A major part of conducting field interviews is the employment of the “snowballing” strategy. When you speak to one person, you ask if they have contacts, and then speak to those individuals, and ask for their contacts, until you have a sufficient number of interviews at the end of your fieldwork timeline. This is also a key method for Social Network data collection.
Today, after several months of contact while in the States, and from Karachi last year, I finally had my meeting with my contact at the Sustainable Development Policy Institute, and specifically the headquarters in Islamabad.
The Sustainable Development Policy Institute is a research policy think tank, conducting policy oriented research and advocacy relevant to Sustainable development in Pakistan. You can learn more about them here: sdpi.org
It was a very productive and enjoyable meeting. I learned a little more about the Institute and met some other project associates. They will help facilitate contacts with various stakeholders and World Bank and USAID personnel of my interest, and possibly arrange some connections in my time in Peshawar next month, with a potential visit into FATA through the UN, which was something I was hoping would eventually pan out beginning with fieldwork in Islamabad.
After sharing some of my research and my preliminary network diagrams of my development program case studies, I was very excited to hear of their interest in learning the Social Network Analysis (SNA) methods. They asked to have me present about Social Network Analysis, the methods, the benefits and advantages of the methods, at a brown bag at the SDPI headquarters next week. I was very happy and thrilled largely because of their interest in SNA. I look forward to engaging more with them and other scholars at the SDPI in the coming weeks. It is just my fourth day in Islamabad and my 2nd weekday for meetings, and I believe it has been quite productive.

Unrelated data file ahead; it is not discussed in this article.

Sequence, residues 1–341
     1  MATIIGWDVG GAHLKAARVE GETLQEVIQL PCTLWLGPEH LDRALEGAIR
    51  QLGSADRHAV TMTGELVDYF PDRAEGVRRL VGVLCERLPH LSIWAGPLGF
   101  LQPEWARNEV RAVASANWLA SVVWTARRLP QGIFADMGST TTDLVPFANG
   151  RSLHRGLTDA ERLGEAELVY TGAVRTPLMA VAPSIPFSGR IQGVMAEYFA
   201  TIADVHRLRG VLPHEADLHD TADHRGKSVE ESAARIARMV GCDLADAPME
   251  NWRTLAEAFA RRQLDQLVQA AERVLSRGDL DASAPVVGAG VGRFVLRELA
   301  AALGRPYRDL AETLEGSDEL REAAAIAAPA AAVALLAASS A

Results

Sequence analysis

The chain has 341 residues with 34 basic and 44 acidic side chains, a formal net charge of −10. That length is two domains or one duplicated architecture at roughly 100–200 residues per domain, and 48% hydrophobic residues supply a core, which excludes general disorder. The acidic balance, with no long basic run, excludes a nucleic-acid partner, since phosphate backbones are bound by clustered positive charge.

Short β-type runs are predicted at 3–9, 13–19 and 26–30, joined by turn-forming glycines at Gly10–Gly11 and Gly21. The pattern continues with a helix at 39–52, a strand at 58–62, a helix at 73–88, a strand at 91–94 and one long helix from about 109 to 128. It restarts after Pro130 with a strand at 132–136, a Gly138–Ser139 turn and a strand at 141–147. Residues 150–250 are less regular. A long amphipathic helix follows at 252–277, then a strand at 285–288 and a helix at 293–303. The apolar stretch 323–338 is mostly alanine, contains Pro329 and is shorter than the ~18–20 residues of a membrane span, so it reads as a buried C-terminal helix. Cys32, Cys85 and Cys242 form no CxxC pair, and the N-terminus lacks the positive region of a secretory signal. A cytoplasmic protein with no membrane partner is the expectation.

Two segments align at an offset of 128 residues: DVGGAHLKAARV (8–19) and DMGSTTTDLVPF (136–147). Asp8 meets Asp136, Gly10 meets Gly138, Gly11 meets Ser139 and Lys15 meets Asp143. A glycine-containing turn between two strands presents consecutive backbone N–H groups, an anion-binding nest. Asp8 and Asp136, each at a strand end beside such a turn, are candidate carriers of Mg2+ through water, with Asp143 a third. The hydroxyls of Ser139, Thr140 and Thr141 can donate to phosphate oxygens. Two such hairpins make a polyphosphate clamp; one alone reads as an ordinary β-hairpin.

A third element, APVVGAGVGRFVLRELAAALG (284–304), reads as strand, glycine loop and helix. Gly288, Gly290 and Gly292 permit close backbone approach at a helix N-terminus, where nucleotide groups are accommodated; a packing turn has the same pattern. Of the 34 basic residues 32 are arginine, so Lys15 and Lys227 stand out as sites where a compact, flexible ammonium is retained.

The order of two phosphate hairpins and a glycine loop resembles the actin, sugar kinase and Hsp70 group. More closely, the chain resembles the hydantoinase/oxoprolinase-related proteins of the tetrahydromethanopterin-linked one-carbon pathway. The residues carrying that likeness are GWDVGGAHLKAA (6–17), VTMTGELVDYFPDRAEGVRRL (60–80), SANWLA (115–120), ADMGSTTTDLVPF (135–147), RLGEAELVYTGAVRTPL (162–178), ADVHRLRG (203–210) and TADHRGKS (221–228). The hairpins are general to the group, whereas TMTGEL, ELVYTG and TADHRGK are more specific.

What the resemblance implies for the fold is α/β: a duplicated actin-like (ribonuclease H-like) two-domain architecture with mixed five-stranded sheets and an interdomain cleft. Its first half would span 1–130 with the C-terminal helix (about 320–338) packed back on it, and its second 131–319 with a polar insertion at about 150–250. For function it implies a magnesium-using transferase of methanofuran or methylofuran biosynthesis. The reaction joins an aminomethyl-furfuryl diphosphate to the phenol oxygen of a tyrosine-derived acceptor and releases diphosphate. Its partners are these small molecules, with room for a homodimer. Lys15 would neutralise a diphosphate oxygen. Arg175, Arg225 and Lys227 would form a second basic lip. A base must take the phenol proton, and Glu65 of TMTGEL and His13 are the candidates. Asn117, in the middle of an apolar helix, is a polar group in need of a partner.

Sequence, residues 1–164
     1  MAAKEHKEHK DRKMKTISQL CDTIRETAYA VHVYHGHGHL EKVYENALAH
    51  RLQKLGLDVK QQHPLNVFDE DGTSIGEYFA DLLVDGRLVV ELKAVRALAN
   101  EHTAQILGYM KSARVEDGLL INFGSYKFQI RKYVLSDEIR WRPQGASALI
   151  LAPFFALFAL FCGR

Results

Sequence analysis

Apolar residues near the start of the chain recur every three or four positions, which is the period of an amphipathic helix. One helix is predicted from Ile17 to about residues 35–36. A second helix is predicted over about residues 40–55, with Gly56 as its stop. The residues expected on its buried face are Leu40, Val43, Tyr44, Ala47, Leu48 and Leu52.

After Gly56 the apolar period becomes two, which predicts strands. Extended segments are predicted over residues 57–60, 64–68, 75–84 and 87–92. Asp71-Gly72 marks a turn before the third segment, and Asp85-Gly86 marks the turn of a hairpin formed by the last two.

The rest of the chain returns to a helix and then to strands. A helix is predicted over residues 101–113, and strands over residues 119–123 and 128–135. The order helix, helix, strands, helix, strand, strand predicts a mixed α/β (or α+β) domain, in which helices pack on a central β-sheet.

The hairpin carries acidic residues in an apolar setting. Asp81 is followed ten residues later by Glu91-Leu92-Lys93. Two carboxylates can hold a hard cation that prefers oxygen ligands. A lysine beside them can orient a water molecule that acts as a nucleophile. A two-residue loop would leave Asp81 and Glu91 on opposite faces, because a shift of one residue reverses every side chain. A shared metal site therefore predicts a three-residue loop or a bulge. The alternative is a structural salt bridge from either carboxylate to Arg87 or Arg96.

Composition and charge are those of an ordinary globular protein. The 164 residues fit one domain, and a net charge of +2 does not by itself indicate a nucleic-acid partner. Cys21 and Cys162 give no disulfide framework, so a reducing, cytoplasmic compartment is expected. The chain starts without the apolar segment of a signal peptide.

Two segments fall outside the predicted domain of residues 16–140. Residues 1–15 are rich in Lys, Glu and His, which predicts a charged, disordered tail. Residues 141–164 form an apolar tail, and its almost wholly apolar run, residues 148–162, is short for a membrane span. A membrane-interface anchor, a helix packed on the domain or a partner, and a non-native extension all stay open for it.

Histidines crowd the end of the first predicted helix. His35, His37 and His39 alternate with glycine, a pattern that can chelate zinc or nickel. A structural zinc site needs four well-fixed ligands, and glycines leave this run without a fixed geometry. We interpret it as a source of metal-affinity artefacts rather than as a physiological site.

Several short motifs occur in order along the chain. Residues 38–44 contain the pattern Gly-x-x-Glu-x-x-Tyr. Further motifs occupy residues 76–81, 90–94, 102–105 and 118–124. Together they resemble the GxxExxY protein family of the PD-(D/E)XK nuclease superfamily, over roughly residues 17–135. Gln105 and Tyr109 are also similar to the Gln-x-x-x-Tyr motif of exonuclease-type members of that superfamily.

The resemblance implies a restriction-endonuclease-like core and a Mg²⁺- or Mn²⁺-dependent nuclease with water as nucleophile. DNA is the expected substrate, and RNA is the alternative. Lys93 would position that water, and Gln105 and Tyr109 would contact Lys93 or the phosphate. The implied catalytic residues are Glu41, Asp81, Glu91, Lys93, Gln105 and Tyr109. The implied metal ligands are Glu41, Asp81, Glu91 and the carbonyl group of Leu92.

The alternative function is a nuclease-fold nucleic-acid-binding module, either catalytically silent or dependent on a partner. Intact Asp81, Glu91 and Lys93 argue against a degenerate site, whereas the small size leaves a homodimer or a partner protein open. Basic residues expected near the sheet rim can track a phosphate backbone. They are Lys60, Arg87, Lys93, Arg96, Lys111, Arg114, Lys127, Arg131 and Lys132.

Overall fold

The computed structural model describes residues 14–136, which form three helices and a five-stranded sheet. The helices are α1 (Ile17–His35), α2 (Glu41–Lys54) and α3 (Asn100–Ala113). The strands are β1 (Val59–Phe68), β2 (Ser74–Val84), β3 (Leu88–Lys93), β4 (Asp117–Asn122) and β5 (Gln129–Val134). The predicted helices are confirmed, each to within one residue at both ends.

Later this evening, I met with an old friend. I had the opportunity to interview Mr. Amir Abdullah, a business man from the Federally Administered Tribal Areas in Peshawar last December. It was wonderful to see him again today as a short follow-up meeting. It was awkward because the last time we met at a restaurant, we were in the Khyber Pakhtunkwa province, which was more suitable for a traditional Pashtun man, where we ate delicious Chapli Kabaabs in a traditional Pashtun style setting, but this setting at Chai Khanna in Islamabad was more “modern.” He mentioned himself that he did not fit in with his traditional attire, the turban and the shalwar kamiz. People also were giving our table a few stares. Though he was not as comfortable there, we still had a very enjoyable time. And I had a chance to share my research with him again and I look forward to sharing his insights. He also encouraged me to share his photo in my dissertation as well. 🙂 I will be sure to include the one from Peshawar last December, rather than this “modern” restaurant in Islamabad. 🙂